Comparison of transesophageal echocardiographic, fick, and thermodilution cardiac output in critically ill patients

J Crit Care. 1996 Sep;11(3):109-16. doi: 10.1016/s0883-9441(96)90006-4.


Purpose: Recent observations have highlighted errors in the thermodilution technique of measuring cardiac output. Thus, cardiac output measurements using transesophageal echocardiography and the Fick method were compared with simultaneous thermodilution measurements.

Methods: In 13 mechanically ventilated critically ill patients, cardiac output was determined simultaneously using (1) transesophageal echocardiography (COTEE, (2) the Fick method (COFICK, and (3) thermodilution (COTD immediately before and after a rapid infusion of 500 mL of saline. Left ventricular end-diastolic and end-systolic areas were measured using the transesophageal echocardiographic transgastric short axis view, and COTEE was calculated from the corresponding volumes. Absolute cardiac output values and the changes from before to after saline infusion (delta CO) were compared using analysis of variance, linear regression, and the Bland and Altman method.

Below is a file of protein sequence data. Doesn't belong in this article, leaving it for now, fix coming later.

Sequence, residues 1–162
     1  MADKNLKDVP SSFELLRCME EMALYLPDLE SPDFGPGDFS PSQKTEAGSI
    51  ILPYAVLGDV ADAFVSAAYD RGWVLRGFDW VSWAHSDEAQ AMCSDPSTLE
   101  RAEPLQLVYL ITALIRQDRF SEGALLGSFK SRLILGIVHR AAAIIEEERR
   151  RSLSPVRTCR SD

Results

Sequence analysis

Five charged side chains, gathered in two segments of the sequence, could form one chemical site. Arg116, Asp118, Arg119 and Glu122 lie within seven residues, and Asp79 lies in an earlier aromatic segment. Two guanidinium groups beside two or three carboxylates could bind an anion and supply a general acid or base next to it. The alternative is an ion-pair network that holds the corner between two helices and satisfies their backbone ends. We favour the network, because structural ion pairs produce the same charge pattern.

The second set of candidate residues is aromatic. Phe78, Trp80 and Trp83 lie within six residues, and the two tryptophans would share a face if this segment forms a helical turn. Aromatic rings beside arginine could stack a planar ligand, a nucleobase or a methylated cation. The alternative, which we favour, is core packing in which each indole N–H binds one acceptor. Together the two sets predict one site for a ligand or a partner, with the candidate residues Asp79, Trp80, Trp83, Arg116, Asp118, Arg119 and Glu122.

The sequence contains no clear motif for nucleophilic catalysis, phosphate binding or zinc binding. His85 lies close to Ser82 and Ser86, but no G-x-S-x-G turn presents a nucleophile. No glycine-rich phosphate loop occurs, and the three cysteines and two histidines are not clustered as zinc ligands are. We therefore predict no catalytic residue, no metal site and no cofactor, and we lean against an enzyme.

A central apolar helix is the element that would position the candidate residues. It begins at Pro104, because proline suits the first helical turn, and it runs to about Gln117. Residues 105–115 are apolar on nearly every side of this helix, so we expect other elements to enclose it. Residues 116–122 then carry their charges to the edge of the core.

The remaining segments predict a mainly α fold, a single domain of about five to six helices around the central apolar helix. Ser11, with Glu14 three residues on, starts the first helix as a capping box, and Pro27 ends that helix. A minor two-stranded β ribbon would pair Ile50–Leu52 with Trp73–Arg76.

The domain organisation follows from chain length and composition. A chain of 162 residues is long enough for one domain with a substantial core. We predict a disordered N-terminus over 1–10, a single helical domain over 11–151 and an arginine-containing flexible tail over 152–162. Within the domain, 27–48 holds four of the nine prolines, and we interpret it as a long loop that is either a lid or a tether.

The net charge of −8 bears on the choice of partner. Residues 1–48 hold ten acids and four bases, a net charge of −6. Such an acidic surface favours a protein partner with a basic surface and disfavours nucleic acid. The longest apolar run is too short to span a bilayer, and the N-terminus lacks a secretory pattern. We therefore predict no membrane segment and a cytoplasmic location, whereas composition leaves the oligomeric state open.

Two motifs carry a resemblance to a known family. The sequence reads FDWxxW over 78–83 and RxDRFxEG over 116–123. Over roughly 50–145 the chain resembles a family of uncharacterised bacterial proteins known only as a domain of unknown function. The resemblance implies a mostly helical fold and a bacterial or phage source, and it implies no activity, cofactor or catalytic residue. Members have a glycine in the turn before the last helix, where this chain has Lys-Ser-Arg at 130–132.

Results: There were no significant differences between COTEE (8.0 +/- 3.4), COFICK (8.4 +/- 3.3), and COTD (8.3 +/- 3.0) or between delta COTEE, delta COFICK, and delta COTD using analysis of variance. However, correlations between COTEE and COTD (r2 = 0.46; P < .00001), COFICK and COTD (r2 = 0.46; P < .0001), and COTEE and COFICK (r2 = 0.42; P < .0001) were only moderately good. Using the method of Bland and Altman, the mean difference (+/-2 standard deviations) between COTEE and COTD was 0.3 +/- 4.3 L/min, between COFICK and COTD was -1.0 +/- 3.8 L/min, and between COTEE and COFICK was 0.6 +/- 5.6 L/min, whereas the difference between delta COTEE and delta COTD was 0% +/- 26%, between delta COFICK and delta COTD was 9% +/- 46%, and between delta COTEE and delta COFICK was 8% +/- 39%.

Conclusions: There are substantial differences in cardiac output as measured by these three methods, best demonstrated using the method of Bland and Altman. The variability of cardiac output and its derivatives (eg, oxygen delivery) should be borne in mind when making clinical decisions on individual patients.

Publication types

  • Clinical Trial
  • Comparative Study
  • Controlled Clinical Trial
  • Research Support, Non-U.S. Gov't

MeSH terms

  • Analysis of Variance
  • Cardiac Output*
  • Echocardiography, Transesophageal*
  • Female
  • Hemodynamics
  • Humans
  • Infusions, Intravenous
  • Male
  • Middle Aged
  • Monitoring, Physiologic / methods*
  • Prospective Studies
  • Reproducibility of Results
  • Sodium Chloride / administration & dosage
  • Statistics, Nonparametric
  • Thermodilution*


  • Sodium Chloride